My grandpa, one of the truest Michigan football fans I’ve ever met in my life, had gameday traditions that I’ll never forget.
A steaming pot of calico beans that he somehow managed to keep warm for the whole three-hour drive to Ann Arbor, a couple ice-cold Budweisers, his giant yellow radio headset and a cassette tape he’d blast through the speakers of his conversion van.
The tape was looped, and it repeated Bob Ufer’s all-time best calls.
Walking across the Crisler Arena parking lot yesterday, I heard that raspy, half-gone voice — the one that practically pleaded for a Michigan victory for 37 years on the radio — the one so passionate, it almost felt like Michigan had 12 guys on the field.
Ufer’s voice was wafting through the cool, November air, and it screamed, “And now Woody Hayes is running out onto the field! I’ve never seen anything like this in all my days as a commentator!”
I hadn’t heard that voice in a long time, since my grandpa stopped coming to games because of old age. My ears perked up, and I listened for its source.
After a while, I realized it had to be coming from beyond the steel fences of Schembechler Hall’s practice facility. The Wolverines, who have been known to play songs like the GS Boyz’ “Stanky Legg” before practice to get pumped up, were listening to old tapes of Bob Ufer calling the “Ten Year War” between Woody Hayes and Bo Schembechler.
Let me repeat that — Rich Rodriguez is blasting Ufer’s game calls of the epic battles between Michigan’s and Ohio State’s most iconic coaches. The man whom many have accused of shunning Michigan’s great tradition is using it to his advantage for the single most important week of the year.
A little Ufer during Ohio State week? Sounds good to me.
For those of you who don’t know — and I’m sure there are plenty of you, since Ufer’s legacy hasn’t quite held the same test of time as Fielding Yost’s, Fritz Crisler’s or Schembechler’s — Bob Ufer was something special.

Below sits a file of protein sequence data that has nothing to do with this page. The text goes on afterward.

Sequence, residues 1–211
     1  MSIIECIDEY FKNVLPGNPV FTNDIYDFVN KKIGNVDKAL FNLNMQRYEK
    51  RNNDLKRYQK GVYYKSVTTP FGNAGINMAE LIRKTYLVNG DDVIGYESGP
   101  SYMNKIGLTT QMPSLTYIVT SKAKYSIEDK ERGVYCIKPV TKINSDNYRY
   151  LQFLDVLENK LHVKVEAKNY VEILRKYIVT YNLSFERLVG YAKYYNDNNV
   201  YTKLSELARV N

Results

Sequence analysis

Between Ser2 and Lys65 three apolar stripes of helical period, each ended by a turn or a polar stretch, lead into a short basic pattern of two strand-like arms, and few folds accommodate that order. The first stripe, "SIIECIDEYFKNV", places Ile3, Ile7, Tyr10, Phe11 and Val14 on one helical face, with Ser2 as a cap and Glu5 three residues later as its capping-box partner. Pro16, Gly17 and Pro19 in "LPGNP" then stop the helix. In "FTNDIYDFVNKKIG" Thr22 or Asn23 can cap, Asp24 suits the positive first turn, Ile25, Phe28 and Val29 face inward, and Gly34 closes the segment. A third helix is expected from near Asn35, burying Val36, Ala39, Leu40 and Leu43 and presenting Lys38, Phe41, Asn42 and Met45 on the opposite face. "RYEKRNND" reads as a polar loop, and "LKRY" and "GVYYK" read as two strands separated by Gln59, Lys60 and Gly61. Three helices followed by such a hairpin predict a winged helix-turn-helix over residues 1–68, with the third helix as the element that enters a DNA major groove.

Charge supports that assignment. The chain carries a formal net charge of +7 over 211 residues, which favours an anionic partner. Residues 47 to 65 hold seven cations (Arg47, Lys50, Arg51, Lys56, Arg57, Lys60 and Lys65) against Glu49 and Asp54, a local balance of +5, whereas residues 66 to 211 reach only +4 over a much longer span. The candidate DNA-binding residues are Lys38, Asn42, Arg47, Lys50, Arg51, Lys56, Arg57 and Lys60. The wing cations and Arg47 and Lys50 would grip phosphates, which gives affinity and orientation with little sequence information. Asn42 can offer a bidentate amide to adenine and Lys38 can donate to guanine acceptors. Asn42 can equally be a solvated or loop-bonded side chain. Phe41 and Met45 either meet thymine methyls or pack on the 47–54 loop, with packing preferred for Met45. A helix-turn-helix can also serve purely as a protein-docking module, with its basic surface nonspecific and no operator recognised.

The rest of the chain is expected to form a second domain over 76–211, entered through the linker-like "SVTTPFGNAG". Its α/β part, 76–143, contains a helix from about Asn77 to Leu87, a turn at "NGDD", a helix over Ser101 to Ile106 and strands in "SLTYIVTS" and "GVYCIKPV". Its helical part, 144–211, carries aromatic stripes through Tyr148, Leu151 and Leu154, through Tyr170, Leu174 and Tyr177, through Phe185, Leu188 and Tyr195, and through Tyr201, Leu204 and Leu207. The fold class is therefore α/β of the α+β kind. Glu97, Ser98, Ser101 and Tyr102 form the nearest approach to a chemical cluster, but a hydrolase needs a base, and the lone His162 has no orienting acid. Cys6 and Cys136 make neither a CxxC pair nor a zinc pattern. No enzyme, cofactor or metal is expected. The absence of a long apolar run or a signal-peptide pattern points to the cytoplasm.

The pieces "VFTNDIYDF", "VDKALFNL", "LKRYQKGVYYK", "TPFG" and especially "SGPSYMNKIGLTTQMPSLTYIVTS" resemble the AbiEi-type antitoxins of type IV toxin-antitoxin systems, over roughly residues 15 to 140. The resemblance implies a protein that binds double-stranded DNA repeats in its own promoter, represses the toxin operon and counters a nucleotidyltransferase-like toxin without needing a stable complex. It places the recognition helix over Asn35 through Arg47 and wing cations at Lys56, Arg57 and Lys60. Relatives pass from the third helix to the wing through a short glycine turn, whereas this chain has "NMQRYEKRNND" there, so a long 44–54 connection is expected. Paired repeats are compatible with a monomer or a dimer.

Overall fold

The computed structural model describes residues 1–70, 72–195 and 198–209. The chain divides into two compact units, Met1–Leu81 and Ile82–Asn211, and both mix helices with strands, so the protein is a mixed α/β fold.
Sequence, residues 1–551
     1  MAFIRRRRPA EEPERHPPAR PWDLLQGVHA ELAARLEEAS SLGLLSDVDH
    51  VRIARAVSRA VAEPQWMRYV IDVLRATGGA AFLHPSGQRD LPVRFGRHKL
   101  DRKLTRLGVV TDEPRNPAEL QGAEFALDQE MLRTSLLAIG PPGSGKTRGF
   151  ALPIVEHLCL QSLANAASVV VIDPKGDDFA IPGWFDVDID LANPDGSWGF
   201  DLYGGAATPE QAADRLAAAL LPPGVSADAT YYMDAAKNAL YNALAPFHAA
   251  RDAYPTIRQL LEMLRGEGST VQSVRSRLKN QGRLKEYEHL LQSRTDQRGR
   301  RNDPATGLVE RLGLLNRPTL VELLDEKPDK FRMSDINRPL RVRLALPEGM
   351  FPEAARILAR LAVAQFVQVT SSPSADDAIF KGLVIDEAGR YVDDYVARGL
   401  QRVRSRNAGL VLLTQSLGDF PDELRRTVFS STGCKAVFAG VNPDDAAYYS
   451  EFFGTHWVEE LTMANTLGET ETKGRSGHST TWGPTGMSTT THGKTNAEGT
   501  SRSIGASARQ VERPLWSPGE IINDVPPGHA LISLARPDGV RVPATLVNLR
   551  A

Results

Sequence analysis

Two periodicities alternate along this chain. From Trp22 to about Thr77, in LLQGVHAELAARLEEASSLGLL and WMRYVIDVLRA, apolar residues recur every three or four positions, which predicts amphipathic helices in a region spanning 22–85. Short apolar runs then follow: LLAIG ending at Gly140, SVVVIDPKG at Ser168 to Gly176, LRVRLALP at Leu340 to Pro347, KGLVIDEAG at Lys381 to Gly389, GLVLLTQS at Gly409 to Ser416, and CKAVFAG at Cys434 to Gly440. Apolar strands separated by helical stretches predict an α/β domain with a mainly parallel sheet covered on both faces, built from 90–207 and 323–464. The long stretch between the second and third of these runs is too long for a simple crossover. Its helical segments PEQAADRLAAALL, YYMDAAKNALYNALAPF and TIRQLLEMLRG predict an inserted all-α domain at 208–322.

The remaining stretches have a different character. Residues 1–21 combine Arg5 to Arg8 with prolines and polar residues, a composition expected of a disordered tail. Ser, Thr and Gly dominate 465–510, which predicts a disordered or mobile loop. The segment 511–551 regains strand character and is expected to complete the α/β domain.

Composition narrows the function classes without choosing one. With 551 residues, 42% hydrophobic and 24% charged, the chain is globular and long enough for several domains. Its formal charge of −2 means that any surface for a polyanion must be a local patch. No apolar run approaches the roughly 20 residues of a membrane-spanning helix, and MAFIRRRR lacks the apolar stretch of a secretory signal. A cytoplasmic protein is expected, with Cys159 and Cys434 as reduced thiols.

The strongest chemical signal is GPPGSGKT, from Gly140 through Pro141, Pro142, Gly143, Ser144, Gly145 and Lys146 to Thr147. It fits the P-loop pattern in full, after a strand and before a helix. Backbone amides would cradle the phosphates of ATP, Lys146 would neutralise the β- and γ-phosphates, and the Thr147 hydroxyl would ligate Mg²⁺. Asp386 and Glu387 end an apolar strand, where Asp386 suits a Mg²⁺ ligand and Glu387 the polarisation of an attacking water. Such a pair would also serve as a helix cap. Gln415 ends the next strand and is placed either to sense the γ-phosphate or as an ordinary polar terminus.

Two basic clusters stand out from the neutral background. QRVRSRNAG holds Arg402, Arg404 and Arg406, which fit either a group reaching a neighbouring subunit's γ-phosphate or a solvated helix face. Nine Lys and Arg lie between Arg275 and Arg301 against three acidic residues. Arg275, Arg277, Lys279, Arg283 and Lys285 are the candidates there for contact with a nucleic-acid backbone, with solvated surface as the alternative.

He shucked journalistic integrity for his “Bo ‘George Patton’ Schembechler scoring horn” and an all-encompassing homer attitude. There is still a foundation in his name that gives back to the Ann Arbor community. His grave plot at the Forest Hill Cemetery on Observatory Rd. is about 30 feet from where Schembechler and Yost lay.
“Bob Ufer was Michigan football,” former defensive coordinator Jim Herrmann told the Daily in 1995. “That’s what he lived and died for. I think he would have liked being described that way.”
And if Rodriguez is using him as a team booster, then that means the West Virginia transplant is obviously doing his homework — and clearly honoring the vast and special tradition that is Michigan football.
Rodriguez is a man that doesn’t like to dwell in the past. And Michigan traditionalists, who revel in the past, were immediately skeptical of that. But that doesn’t mean the man can’t respect and honor it, which is clearly what he was doing with yesterday’s motivational technique.
And if you’re not pumped up to play Ohio State after listening to Ufer — “Oh the humanity, the unmitigated gall!” — you’ll never be.
Since Rodriguez came to campus 707 days ago, he’s had to field questions about the Michigan-Ohio State rivalry. There are still skeptics out there that believe he doesn’t understand what it means to be a part of The Game.
Rodriguez practically pleaded with the media Monday to understand that he “gets” the rivalry. He told the story — probably for the 500th time — of the time that someone snuck a “Beat Ohio State” pin in his pocket.
“Just because I did not coach here before, I did not play here, I’m not from the state of Michigan, doesn’t mean I don’t understand the rivalry,” he said. “I understand it as well as any coach can understand it.”
So, Wolverine Nation, can this tired, old concern please be put to rest?
You and I may never know what happens behind closed doors at Schembechler Hall. But one thing is for sure: As Ufer’s powerful voice drifted across State Street yesterday, Rich Rodriguez may have proved — finally — that he gets it.
This team is going to be plenty fired up at high noon on Saturday.
— Reid can be reached at email@example.com.